Why adding .Net can be dangerous, and why you need to stop adding them to components

For several version of Dynamics NAV you've been able to add .net components into the system, to do things that you cannot do with the core Dynamics NAV development environment. On occasion this can really be useful and provide a way to add capability that otherwise would be impossible.

So why, in my headline, have I described it as dangerous? Well .net components are not written in the same C/AL language that anyone with a development licence can come along and access and therefore maintain. They are written in languages like C# and compiled into executable code that is then added to your system. Usually you will never get the source code to that component.

This means that you have to return to the original writer to get any maintenance or updates done and that locks you into that relationship. Some Dynamics NAV partners have worked out that this is a great way to tie in customers without always giving the great service that means you would want to continue using them.

For example one UK Partner tries to get its clients to use a .net component that replaces standard Dynamics NAV’s role centre with a more colourful and flexible version. However, I'd argue that Microsoft have improved theirs anyway so it's as good as a match and that you should stick to standard. What does it add to your bottom line to use this non standard display?

For me the ability to move service partners if one of the major strengths of Dynamics NAV. I know in the partner I work, in having that threat means we are constantly reviewing what we do to make sure it's the best it can be. I hope that complacency would not set in if we knew that our customers couldn't go to another partner, but I'm not sure that over the years it wouldn't creep in.

So what should .net components be used for? Well I’ve used them for lots of things but specific examples are where I've need to talk to other systems. Weighing scales for instance often have an interface that Dynamics NAV cannot talk to directly. By putting a .net component in there it was easy. And when we use one of these we leave the source code with the customer, they have paid for its creation so I believe it's their intellectual property anyway.

One other point to note is that JavaScript is the best add-in language/technology to use these days. Using Java means that it will work in any of the clients from the full windows client, to the web browser, or the tablet. While you may not use them now, it’s part of future proofing yourself.

Author: James Crowter

I’m passionate about how businesses can improve their efficiency by getting process optimal more of the time. For the last twenty five years I’ve worked to help organisations of all sizes and types implement the ERP & CRM software that typically they decide they need when things are going wrong. I’ve seen that work unbelievably well and enabled those organisations to rapidly grow but I’ve also had some hard projects over that time where it’s felt more like warfare at times. Since 1996 (and version 1.01) I’ve been working with a small Danish product called Navision that’s now become Microsoft’s Dynamics NAV and I’ve also been using and consulting around Microsoft CRM since 2005. As managing Director of one of the longest established first Navision and now Microsoft Dynamics partners I’ve been involved in the complete history including numerous product councils and system design reviews. It’s my privilege to know many of the key Microsoft executives and product designers and have insight into both where the products are now and their future direction. So colleagues & clients have asked me to start this blog to share some of the insight that both this knowledge (obviously where not restricted by NDA’s or client confidentiality) and experience can help. Specifically I want to concentrate not on the specifics of how (there are some great blogs already for that) but why. If any user helps their business make better decisions or consultant can give better advice then that will be objective achieved. I founded Technology Management in 1992 and have led from the front ever since. Helping clients use technology to grow their business is my passion through explaining technology in terms that everyone can understand. My interest in computing began at the age of eight, long before my school had the equipment to cope. Throughout school and university I developed software commercially. I hold many IT certifications, such as Microsoft Dynamics NAV (for over 17 years), Microsoft Dynamics CRM (for over 10 years), as well as Microsoft Windows Server, Exchange and SQL. In October 2015, I was awarded the title of Most Valuable Professional (MVP), a title given to a select few individuals (31 currently) across the world specifically for Dynamics NAV. After years of working with a range of distribution and manufacturing software for hundreds of organisations, I focus on understanding the business requirements of an organisation, what it will take to deliver the systems required to maximise their potential. Follow me online via my other social channels: - Twitter: @jamescrowter - LinkedIn: linkedin.com/in/jamescrowter Or email me directly at james[.]crowter[@]tecman.co.uk.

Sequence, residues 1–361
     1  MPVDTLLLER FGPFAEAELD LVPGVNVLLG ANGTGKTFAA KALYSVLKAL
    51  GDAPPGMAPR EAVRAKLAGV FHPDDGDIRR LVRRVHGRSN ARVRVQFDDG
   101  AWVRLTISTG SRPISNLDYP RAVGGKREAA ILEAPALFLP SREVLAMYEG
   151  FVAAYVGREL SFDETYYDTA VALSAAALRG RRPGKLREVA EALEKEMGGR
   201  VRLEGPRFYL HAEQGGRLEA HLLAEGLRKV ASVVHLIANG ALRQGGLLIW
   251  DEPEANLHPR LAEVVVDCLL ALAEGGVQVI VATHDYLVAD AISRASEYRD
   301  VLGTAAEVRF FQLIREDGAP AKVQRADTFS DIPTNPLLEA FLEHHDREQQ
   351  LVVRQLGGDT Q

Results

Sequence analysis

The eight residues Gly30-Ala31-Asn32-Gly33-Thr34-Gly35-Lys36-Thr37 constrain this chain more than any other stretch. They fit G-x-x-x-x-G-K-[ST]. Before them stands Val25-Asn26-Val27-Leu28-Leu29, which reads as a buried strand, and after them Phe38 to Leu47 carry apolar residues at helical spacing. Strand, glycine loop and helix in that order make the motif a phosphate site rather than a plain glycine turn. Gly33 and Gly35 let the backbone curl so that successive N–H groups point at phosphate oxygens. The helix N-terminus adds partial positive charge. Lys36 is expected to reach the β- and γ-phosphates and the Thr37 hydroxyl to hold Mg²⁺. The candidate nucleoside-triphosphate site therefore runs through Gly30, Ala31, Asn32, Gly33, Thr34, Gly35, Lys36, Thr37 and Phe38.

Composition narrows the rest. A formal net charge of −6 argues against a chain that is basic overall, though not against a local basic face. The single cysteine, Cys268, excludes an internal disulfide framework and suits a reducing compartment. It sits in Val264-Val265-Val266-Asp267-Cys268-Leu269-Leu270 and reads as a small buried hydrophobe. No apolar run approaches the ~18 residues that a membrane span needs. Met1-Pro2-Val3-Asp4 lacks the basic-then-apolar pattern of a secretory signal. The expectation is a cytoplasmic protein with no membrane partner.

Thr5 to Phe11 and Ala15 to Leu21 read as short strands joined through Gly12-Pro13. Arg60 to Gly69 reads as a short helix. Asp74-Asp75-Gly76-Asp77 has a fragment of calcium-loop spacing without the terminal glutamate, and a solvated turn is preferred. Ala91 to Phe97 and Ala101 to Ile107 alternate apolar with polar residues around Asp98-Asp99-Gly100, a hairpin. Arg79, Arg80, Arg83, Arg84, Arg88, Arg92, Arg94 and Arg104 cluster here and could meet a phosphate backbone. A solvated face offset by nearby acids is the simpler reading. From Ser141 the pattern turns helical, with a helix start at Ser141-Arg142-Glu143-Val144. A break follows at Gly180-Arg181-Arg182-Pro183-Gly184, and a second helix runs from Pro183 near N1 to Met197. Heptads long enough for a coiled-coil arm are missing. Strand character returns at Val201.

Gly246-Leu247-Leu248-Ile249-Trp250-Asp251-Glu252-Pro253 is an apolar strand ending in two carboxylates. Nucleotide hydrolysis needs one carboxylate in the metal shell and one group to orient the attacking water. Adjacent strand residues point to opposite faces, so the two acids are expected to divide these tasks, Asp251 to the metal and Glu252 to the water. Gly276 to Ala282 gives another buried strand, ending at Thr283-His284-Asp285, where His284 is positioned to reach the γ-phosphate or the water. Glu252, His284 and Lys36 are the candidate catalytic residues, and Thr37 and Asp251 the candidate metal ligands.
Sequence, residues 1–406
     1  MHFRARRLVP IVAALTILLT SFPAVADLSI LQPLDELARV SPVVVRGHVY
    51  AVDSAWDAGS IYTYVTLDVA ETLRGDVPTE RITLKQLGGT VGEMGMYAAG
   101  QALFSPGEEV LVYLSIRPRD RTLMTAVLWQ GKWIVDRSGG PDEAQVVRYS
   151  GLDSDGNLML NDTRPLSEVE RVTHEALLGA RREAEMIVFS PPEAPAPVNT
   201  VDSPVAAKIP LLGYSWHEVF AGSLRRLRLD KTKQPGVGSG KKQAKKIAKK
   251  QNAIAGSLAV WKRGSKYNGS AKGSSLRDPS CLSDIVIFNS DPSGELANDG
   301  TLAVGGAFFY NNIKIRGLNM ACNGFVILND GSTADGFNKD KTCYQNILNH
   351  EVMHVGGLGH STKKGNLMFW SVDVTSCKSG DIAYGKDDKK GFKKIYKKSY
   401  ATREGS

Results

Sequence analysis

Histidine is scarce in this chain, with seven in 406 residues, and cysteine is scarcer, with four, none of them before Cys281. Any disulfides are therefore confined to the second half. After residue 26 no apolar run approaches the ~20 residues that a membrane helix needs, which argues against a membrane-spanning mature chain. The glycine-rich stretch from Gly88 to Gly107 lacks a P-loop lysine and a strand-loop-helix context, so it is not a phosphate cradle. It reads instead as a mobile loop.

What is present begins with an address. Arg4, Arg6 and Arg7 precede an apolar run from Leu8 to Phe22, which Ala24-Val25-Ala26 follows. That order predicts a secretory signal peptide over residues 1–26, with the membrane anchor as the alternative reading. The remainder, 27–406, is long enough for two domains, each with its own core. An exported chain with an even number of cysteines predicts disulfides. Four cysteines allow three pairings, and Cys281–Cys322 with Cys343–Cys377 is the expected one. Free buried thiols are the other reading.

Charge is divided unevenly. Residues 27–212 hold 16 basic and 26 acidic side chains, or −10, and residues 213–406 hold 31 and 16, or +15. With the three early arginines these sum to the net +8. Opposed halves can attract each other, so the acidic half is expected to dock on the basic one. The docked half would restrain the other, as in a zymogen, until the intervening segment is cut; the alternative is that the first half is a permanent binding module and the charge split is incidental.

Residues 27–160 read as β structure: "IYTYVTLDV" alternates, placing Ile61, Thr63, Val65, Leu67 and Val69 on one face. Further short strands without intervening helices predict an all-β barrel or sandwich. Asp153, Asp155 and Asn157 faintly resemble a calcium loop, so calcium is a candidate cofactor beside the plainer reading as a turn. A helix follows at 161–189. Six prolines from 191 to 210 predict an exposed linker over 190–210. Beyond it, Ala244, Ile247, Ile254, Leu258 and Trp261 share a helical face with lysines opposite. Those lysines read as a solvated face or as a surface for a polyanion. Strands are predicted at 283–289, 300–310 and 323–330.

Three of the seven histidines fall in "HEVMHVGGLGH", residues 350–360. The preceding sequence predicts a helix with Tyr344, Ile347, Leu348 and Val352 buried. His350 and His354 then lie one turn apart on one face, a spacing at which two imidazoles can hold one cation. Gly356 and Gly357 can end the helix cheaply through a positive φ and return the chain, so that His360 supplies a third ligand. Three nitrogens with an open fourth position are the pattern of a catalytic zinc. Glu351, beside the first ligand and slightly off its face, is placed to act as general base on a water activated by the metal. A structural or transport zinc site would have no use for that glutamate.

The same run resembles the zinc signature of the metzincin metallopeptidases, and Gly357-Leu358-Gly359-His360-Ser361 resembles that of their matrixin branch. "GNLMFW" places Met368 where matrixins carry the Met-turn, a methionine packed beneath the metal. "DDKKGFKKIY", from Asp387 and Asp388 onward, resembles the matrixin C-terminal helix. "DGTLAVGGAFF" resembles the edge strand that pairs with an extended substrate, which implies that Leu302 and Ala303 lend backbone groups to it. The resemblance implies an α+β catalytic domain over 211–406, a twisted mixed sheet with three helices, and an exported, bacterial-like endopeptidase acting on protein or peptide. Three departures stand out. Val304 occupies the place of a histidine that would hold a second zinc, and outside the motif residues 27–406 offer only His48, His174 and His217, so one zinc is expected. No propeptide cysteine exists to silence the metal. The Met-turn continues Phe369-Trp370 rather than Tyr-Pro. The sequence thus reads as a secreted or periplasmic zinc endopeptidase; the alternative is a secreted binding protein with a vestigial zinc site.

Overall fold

Leave a Reply

Your email address will not be published. Required fields are marked *